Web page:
While many businesses are struggling during the pandemic, Divide & Conquer, which produces aprons and chef coats for the food service industry inside the Ayres building on Broadway, has prospered.
“I will be honest with you … the business hasn’t suffered financially,” owner Javier Treviño said. “If anything, we made more money during these times.”
Treviño’s business originally was located on South Presa Street. In March, at the start of the pandemic, Divide & Conquer was classified as a non-essential business by the city and Treviño was forced to shut his doors temporarily.
That’s when Treviño sought advice from his attorney on how his shop could become essential, and they developed the idea to make masks made of guayabera fabric.
“We were able to design 3-layer filtered masks with our guayabera fabrics, and sell over 2,000 masks that helped keep the business afloat,” Treviño said.
Treviño would reopen his doors a week later. Business boomed to the point that he moved his shop in November into the Ayres building at Broadway and East Houston Street.
“We were in need of more space for our clientele, so we decided to make the move to the downtown area,” Treviño said.
While Divide & Conquer isn’t a new business, the shop is new to downtown, where foot traffic has slowed—a direct result of the hard-hit tourism industry.
Since the pandemic started, two dozen bars and restaurants have opened in the downtown area, while several have closed, including 1718 Steakhouse, Mexican Manhattan, Spaghetti Warehouse, and Cadillac Bar.
You might ask new downtown business owners if they’re crazy to open during the pandemic. Some say it’s the perfect time.
Edwin Salazar, co-owner of Bunz Handcrafted Burgers, a new gourmet burger joint five blocks west of Divide & Conquer, said, “If you open a business right now and succeed through these tough times, the journey after will be two times better for you.”
In October, Salazar and chef Thierry Burkle opened Bunz in the Savoy building on East Houston Street.
Burkle is the owner and executive chef at The Grill at Leon Springs, where Salazar serves as the sous chef. The two partnered to create the concept for Bunz because they felt they could bring high-end sizzle to downtowners’ taste buds at affordable prices.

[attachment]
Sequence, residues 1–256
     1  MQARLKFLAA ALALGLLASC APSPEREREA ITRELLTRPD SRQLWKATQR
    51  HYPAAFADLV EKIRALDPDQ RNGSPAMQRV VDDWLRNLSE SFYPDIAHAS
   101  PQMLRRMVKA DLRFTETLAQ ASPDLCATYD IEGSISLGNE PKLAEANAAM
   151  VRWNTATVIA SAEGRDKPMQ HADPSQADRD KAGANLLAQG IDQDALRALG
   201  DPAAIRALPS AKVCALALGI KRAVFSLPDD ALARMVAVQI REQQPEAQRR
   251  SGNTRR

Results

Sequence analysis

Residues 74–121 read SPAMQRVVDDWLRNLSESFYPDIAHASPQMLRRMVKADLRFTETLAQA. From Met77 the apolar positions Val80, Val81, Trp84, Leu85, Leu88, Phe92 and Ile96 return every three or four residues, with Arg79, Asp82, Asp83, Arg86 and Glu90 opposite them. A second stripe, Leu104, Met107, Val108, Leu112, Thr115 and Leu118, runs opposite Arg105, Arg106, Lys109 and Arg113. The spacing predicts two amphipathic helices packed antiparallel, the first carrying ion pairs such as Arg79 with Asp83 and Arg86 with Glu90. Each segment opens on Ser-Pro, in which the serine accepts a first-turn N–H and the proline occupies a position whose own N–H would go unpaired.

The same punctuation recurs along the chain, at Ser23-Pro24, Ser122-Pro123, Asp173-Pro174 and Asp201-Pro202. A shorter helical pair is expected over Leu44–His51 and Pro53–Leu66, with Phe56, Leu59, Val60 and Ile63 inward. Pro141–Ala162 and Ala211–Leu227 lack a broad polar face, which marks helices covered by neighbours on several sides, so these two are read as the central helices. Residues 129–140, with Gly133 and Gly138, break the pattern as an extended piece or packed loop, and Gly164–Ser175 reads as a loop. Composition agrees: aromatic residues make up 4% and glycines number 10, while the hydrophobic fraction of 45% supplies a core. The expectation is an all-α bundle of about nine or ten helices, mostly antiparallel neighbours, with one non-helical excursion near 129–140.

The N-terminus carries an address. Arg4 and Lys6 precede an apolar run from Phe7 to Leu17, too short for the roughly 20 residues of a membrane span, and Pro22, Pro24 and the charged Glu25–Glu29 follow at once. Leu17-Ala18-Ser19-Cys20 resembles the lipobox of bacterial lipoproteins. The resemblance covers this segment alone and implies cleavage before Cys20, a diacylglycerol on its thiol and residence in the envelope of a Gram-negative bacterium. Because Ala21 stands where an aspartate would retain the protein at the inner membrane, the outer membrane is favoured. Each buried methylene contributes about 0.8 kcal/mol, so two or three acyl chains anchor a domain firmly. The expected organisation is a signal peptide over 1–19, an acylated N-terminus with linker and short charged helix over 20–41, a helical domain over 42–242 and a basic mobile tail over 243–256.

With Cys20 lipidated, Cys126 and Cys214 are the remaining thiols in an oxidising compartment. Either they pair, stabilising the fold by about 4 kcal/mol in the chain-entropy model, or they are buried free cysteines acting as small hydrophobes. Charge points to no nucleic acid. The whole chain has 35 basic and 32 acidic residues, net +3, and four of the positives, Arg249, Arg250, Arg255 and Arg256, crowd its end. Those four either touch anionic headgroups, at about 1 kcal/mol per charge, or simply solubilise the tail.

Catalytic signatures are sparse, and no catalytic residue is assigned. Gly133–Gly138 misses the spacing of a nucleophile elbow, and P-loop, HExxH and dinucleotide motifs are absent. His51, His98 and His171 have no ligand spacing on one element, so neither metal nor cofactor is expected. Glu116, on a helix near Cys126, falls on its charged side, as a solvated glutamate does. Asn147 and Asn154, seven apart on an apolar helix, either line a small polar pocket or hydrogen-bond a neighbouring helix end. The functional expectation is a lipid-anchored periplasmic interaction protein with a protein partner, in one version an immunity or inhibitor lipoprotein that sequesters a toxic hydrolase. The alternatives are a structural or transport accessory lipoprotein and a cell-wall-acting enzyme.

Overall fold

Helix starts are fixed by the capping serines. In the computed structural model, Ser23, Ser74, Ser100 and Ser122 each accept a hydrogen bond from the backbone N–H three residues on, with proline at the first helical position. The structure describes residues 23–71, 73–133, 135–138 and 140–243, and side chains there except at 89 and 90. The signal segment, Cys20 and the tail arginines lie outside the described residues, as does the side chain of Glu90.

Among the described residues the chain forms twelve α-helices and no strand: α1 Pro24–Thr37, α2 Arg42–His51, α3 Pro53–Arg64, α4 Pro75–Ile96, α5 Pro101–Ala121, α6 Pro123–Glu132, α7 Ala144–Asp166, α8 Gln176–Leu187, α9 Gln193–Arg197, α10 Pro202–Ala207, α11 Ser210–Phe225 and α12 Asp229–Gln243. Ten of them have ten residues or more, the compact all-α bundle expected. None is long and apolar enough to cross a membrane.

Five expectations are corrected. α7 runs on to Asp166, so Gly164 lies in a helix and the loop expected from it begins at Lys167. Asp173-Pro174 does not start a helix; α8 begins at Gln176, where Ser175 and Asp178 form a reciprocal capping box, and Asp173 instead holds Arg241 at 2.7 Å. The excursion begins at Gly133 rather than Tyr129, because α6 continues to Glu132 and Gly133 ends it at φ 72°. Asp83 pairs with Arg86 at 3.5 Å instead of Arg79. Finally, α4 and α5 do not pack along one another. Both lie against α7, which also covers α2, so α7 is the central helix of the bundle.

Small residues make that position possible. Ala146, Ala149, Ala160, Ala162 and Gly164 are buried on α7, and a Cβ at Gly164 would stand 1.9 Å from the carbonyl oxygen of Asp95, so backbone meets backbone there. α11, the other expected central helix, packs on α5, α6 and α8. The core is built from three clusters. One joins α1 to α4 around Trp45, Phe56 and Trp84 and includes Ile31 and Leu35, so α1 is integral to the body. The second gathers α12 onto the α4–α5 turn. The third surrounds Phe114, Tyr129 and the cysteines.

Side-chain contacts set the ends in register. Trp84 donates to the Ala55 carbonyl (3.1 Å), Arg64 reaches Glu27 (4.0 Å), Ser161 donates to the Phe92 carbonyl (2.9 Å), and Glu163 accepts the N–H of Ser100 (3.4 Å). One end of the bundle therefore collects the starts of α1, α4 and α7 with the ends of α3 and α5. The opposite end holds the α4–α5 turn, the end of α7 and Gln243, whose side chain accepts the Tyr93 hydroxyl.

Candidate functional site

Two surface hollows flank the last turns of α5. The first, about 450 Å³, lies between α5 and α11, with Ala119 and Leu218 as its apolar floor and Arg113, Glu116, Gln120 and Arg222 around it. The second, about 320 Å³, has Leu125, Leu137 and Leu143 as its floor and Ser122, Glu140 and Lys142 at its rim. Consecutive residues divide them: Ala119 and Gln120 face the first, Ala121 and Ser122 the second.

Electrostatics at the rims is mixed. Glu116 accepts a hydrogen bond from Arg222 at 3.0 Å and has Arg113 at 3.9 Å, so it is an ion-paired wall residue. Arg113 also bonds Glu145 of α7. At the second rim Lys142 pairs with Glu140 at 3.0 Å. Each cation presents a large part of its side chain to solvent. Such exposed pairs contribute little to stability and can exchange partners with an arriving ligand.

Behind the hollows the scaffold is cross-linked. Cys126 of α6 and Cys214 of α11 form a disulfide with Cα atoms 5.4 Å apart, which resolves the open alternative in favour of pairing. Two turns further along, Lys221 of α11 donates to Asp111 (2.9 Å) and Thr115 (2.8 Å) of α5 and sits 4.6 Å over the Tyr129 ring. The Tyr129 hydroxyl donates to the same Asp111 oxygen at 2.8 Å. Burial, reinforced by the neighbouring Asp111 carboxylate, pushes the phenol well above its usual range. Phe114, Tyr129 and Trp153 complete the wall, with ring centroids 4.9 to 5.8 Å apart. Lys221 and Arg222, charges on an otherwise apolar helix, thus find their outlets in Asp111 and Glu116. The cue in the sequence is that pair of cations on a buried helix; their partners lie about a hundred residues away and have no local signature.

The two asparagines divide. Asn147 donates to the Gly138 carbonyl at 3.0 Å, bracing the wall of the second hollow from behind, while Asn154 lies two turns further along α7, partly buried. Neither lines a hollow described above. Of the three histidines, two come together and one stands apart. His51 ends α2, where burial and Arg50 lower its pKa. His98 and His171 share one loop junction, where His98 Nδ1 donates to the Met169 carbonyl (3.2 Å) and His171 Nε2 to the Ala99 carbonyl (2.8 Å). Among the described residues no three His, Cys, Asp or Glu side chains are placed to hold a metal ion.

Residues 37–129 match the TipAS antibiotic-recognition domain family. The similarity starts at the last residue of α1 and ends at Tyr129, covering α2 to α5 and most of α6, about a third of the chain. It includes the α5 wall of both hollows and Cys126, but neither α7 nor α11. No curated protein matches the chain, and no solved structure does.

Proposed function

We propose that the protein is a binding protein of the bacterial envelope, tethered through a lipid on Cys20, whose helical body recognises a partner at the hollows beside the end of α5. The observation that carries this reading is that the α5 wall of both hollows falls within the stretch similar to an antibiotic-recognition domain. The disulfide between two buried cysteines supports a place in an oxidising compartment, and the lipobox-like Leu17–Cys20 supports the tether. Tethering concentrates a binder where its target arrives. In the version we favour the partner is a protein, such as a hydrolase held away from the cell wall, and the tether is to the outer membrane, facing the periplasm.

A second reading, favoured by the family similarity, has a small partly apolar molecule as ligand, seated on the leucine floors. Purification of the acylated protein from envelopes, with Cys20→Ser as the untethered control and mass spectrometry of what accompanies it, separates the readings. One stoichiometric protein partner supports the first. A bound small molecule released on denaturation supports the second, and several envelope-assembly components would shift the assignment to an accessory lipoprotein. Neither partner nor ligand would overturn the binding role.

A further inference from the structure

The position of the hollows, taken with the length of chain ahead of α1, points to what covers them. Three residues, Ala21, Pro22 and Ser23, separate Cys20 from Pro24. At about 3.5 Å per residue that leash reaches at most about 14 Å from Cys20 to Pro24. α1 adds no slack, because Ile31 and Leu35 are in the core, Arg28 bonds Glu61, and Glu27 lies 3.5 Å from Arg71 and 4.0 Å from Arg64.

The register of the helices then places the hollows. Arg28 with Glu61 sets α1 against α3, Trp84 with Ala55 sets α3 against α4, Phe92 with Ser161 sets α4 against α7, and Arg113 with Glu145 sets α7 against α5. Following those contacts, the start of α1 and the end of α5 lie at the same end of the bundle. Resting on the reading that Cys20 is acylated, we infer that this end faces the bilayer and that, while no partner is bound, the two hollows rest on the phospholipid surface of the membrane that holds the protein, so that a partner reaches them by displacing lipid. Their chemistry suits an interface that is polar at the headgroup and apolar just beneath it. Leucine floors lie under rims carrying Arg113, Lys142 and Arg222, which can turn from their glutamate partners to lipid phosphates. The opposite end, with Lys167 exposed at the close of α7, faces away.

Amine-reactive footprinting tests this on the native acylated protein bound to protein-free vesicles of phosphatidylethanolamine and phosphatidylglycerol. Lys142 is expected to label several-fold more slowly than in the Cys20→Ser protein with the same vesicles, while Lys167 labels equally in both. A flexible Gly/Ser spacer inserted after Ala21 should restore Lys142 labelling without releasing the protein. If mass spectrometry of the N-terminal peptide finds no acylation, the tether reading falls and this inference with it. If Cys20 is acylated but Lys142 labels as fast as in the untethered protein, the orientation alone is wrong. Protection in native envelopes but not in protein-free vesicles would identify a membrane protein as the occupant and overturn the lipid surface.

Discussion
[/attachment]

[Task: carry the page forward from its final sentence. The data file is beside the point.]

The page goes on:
The duo also like operating in the “heart of San Antonio.”
Salazar said to-go orders have kept Bunz afloat during the crisis, and said dine-in service would do better if it were not for the 50% occupancy restaurant restrictions currently in place. The restaurant is actually hiring for kitchen staff and a cashier.
Andy Palacios, co-owner of Tony’s Siesta, 206 Brooklyn Ave., offered this advice to entrepreneurs looking to open during the pandemic: “Do your research on organizations that can offer loans or grants to upstart your business. And understand you will fail at times, but take the little wins.”
Tony’s Siesta, opened its doors in November under a slightly new name after previous owner, Tony Lopez, retired last year after 20 years as a bar owner.
Palacios took over the bar from Lopez and updated the original old-school cantina with a modernized look, while keeping the bar “puro San Antonio.” On the walls, he replaced the Spurs memorabilia polaroids of regulars with rich splashes of color and neon lighting. On the outside, Palacios kept the old-school painted signage from the original Tony’s, as well as the mini replica of the Tower of Americas near the entrance.
He funded the renovations using dollars he received from LiftFund, a nonprofit organization that offers loans to small businesses and startups.
Palacios said he wasn’t able to receive a Paycheck Protection Program loan because he opened after the deadline date to qualify. He said not getting that assistance felt like a punch in the stomach.
The bar’s renovations took a toll on Palacios physically and mentally, but he felt it was personal for him because he didn’t want to let Lopez down.
“I told Tony what I wanted to do for the bar and how I wanted to continue his legacy, and that’s when he presented the opportunity for me,” Palacios said.
His experience as a first-time bar owner has been stressful and exhausting, and has caused to lose sleep. The bar has suffered financial losses.
“Every morning I wake up and wonder, ‘Will we see tomorrow?’,” Palacios said.
Andrea Fascinetto and her mother Dolores Novak said “the best ideas come during the craziest times.”
Just before Thanksgiving, the mother-daughter duo opened PROSE, a national chain of sleek nail boutiques, on West Houston Street on the first floor of the Frost Tower.
Novak said they’ve learned that they aren’t the only businesses facing adversities, and the ability to bring something positive to downtown during a dark time is powerful. Fascinetto and Novak said opening their nail boutique offers a sense of normalcy for their members.
“It’s rewarding for us when we hear our members come in and tell us, ‘this is exactly what I’m looking for and I’m feeling like my old self again’,” Fascinetto said.
Rocky Garza Jr. is a freelance journalist in San Antonio. Follow him at @r0ckssss_ on Twitter
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